Bolivia news roundup
bolivia | by Miguel Centellas | 06 Mar, 2004 at 12:34 PM | comments (0) | trackback (0)
The following is a round up of recent Bolivian news.
Under pressure from the Santa Cruz business sector (made up of some of the country's riches families), Mesa's retreated on his economic package's previous tax proposal. Instead, the proposal now calls for a one-time rate tax on real estate & vehicles &meaning anyone w/ more than $10,000 would pay twice the previous years' taxes. Also, the tax on bank transactions will now include everyone, not just those w/ more than $50,000 net worth.
Mesa's government hopes to close Bolivia's daunting fiscal deficit. The original plan called for anyone who's net worth was more than $50,000 to pay a 1.5% tax. This plan was rejected by Santa Cruz business leaders, who announced they wouldn't pay the tax.
Meanwhile, both legislative chambers have reordered their agendas, reducing in priority President Mesa's economic agenda. Moved up in the agenda, were the Ley de Deportes, changes to penal codes, and debates over government subsidies to political parties.
The issues on Mesa's agenda include: approval of a referendum law (needed to have a gas referendum), the new tax laws, a law convoking the Constituent Assembly, and a reduction in the BONOSOL (the national elderly pension plan created by Goni's first presidency) from Bs.1,800 per year to Bs.1,200.
The first effects of the unfreezing of gas prices are now felt. After four years w/o change, the price of gas went up Bs.0.10 — from Bs.21 to Bs.21.10 per garrafa (a 10 kilogram container). Gasoline isn't affected, since the international price per barrel remains steady.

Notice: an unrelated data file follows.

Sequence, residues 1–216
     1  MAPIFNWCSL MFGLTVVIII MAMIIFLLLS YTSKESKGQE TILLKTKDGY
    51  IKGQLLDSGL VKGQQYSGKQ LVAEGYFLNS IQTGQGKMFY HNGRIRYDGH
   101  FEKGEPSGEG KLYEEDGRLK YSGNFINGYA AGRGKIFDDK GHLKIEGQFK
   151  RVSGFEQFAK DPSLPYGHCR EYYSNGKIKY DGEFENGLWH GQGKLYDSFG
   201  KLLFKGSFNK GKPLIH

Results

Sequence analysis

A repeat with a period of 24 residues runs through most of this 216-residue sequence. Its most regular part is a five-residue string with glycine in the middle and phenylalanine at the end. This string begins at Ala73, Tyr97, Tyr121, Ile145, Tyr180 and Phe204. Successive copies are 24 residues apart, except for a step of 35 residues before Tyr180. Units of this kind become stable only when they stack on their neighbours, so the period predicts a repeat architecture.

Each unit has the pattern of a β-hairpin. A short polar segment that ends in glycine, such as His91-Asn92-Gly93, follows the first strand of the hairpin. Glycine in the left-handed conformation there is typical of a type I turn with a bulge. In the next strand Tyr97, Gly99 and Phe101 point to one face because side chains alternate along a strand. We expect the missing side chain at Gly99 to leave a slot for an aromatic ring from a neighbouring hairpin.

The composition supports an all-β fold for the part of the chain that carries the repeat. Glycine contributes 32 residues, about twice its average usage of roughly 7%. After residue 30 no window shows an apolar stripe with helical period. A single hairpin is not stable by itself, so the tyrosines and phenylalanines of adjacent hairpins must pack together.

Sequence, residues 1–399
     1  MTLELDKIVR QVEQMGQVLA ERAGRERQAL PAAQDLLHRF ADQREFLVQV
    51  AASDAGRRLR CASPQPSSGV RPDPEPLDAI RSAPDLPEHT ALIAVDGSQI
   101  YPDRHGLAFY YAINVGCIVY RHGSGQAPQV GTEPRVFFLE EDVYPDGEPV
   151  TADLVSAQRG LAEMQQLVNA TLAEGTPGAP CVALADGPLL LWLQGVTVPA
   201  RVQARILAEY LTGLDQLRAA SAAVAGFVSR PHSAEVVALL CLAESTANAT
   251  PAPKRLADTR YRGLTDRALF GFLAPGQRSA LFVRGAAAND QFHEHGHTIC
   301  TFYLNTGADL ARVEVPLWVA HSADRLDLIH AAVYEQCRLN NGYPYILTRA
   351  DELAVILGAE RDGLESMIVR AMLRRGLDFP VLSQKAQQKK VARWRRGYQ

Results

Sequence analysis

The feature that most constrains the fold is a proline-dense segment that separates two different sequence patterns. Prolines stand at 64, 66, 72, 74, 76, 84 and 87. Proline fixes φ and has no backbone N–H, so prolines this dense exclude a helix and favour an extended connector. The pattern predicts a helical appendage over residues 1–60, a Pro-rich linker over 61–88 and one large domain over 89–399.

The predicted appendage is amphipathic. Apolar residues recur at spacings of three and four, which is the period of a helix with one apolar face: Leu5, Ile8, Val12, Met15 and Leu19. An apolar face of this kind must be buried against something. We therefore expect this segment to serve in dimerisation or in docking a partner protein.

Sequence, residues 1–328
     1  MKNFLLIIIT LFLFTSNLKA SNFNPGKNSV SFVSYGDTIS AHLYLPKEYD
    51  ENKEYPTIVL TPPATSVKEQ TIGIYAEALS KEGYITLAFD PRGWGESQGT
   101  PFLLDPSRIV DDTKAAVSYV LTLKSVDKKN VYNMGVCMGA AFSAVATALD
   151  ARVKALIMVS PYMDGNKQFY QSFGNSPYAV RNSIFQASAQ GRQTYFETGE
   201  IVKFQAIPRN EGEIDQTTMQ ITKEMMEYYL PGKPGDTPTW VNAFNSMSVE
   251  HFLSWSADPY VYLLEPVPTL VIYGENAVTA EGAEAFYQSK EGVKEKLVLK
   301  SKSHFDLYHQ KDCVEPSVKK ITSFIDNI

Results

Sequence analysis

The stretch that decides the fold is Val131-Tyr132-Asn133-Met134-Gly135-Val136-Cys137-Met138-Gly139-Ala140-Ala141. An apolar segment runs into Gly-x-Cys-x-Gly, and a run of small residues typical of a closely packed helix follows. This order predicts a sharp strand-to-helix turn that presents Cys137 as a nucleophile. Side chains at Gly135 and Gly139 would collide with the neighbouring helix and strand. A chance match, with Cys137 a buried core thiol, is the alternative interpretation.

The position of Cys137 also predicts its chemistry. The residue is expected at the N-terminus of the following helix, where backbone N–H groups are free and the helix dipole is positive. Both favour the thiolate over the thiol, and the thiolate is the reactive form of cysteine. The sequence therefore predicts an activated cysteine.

There's a row brewing over Bolivia's attempt to change the Ley de Hidrocarburos, altering the state's contracts w/ gas & oil transnationals. In the face of threats by companies to sue the Bolivian state (in international courts) over changes, Mesa's government asserts it's right to modify tax structures.
Perhaps the biggest news is that Evo Morales' MAS may withdraw its support of Mesa's government. Evo recently attacked Mesa for "playing dirty w/ the Bolivian people" over his recent backpedaling in negotiations w/ gas & oil transnationals and — more importantly for Evo & MAS — continuing the policy of coca eradication. According to Evo, Mesa shouldn't be negotiating at all w/ the transnationals, and should just impose the higher taxes (and consequences be damned, apparently). Nevertheless, Evo made clear that MAS hadn't yet officially left Mesa's makeshift legislative coalition.
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